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Lorenzo Cultural Center’s Real to Reel Film Series: See compelling historical movies and learn where Hollywood got it wrong

– Thursday, September 11, 2014 12:00AM

Screenings start Sept. 18 and end Dec. 11 

Hollywood loves to make movies based on real-life historical events. But because Tinseltown’s main goal is to get you into the theater and entertain you, producers, directors and screen writers often tell those stories in ways that are not entirely accurate.

By examining the dramatization of history by the film industry, the Real to Reel Film Series sets the record straight by comparing Hollywood’s sensationalized versions with the historically accepted interpretation of events.  This fall, six films will be offered in the series. Each film is hosted by a Macomb Community College professor or a guest host. The host starts with a brief overview about the events portrayed in the movie and is then available after the show for further discussion and Q&A.

The films are shown at the Lorenzo Cultural Center, 44575 Garfield, Clinton Township. All Real to Reel presentations are free of charge, but pre-registration is required by phone at 585.445.7348 or online at

“The Real to Reel films are entertaining and educational at the same time,” said Christine Guarino, director of cultural affairs and community engagement, Macomb Community College. “These screenings represent a wonderful collaboration between the cultural center and the Macomb Community College History Department, benefiting students and community members alike.”

The fall 2014 Real to Reel Film Series lineup:

  • “The General,” Thursday, Sep. 18, 1 p.m.: Buster Keaton stars in this 1926 comedy as a young Confederate locomotive engineer who has a chance to prove himself to the girl he loves when Union spies steal his locomotive. Elton Weintz, professor of history at Macomb, introduces the film. Duration: 78 minutes.

  • “Germany Year Zero,” Thursday, Oct. 16, 2 p.m.: Roberto Rossellini directed this 1948 film depicting Berlin after the devastation of World War II. Gary Flemming, professor of political science and international relations at Macomb, will be the presenter. The film is in Italian with English subtitles. Duration: 78 minutes.

  • “All the President’s Men,” Thursday, Oct. 23, 1 p.m.: Weintz shows this 1976 film, which chronicles the real-life story of Washington Post reporters Bob Woodward and Carl Bernstein as they uncovered the Watergate scandal. Duration: 138 minutes.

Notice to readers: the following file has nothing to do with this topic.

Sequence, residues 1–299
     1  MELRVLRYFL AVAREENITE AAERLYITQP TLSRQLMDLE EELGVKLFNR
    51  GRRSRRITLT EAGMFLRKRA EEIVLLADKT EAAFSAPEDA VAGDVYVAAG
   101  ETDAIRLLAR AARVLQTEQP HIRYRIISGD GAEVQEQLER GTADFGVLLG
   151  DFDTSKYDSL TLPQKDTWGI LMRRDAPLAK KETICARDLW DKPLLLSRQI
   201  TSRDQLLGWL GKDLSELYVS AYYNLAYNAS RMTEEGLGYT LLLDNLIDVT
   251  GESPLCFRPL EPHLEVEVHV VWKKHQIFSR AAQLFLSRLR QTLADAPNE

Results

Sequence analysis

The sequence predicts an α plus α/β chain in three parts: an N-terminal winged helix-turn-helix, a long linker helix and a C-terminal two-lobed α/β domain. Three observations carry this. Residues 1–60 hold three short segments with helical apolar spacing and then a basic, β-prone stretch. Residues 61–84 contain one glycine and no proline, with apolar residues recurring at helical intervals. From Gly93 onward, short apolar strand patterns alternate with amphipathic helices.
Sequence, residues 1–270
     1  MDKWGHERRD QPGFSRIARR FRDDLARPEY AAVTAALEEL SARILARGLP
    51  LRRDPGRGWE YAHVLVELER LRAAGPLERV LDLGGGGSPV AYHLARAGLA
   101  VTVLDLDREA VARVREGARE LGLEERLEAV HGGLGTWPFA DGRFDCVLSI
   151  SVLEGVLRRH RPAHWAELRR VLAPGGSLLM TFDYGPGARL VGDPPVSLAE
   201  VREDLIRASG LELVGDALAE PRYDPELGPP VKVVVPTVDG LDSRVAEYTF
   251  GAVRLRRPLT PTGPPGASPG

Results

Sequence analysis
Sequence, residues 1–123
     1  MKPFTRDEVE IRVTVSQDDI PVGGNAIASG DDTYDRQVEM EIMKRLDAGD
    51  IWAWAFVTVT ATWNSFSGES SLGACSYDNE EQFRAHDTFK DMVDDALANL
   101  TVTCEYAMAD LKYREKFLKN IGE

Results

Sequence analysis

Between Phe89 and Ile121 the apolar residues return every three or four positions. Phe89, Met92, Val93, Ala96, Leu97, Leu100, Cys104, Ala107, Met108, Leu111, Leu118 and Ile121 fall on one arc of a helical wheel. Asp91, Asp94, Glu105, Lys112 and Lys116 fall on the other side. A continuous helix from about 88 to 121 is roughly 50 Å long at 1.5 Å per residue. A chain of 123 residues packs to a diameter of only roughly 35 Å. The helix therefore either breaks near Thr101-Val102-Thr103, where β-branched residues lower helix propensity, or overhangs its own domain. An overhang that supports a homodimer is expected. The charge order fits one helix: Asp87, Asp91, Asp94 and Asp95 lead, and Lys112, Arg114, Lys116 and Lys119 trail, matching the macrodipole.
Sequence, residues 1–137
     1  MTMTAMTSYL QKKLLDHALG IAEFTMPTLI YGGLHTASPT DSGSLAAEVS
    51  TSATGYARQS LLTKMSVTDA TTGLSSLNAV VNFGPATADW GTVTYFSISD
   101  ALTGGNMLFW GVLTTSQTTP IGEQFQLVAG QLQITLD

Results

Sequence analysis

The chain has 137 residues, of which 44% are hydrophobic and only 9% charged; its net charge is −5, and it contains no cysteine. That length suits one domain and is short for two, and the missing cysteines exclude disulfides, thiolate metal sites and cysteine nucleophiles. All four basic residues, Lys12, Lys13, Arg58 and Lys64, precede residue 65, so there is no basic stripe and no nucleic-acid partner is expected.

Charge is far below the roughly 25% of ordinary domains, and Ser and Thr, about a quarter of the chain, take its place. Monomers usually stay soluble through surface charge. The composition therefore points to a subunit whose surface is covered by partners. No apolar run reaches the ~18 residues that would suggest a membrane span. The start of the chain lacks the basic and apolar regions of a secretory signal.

• “Our Fires Still Burn,” Wednesday, Nov. 5, 1 p.m.: This film invites viewers into the lives of contemporary Native Americans living in the Midwest and explores the history of the Boarding School Era. Duration: 60 minutes; followed by a discussion with filmmaker Audrey Geyer.

  • “Good Bye Lenin!” Thursday, Nov. 13, 2 p.m.: Flemming presents this comedy, set in Berlin in 1989. A young man tries to hide the fall of East Germany from his mother to protect her from shock after she awakens from a coma. In German with English subtitles.  Duration: 121 minutes.

  • “Joyeux Noel,” Thursday, Dec. 11, 1 p.m.: This film tells the story of the Christmas Truce of 1914. During the First World War, British, German and French troops put down their weapons and celebrated the holiday in the “no man’s land” between the trenches. Weintz will present the film, which is in English, French and German with English subtitles.  Duration: 116 minutes.

About The Lorenzo Cultural Center
The Lorenzo Cultural Center ( explores the influences and experiences that shape our community's heritage, examining topics from a variety of perspectives and creating interactive opportunities for learning, celebration and entertainment. Located on Macomb Community College's Center Campus, Hall and Garfield roads in Clinton Township, the cultural center is adjacent to the Macomb Center for Performing Arts.

About Macomb Community College
Macomb Community College ( is one of the nation’s leading community colleges, providing learning experiences to nearly 48,000 students annually.  Macomb nationally ranks in the top two percent in the number of associate degrees awarded by community colleges.  The college’s comprehensive educational programming includes pre-collegiate experiences, university transfer and career preparation programs, bachelor degree completion and graduate degree programs, workforce training, professional education and certification, and continuing education and enrichment opportunities.

Media Contact: James Melton, 586.445.7271,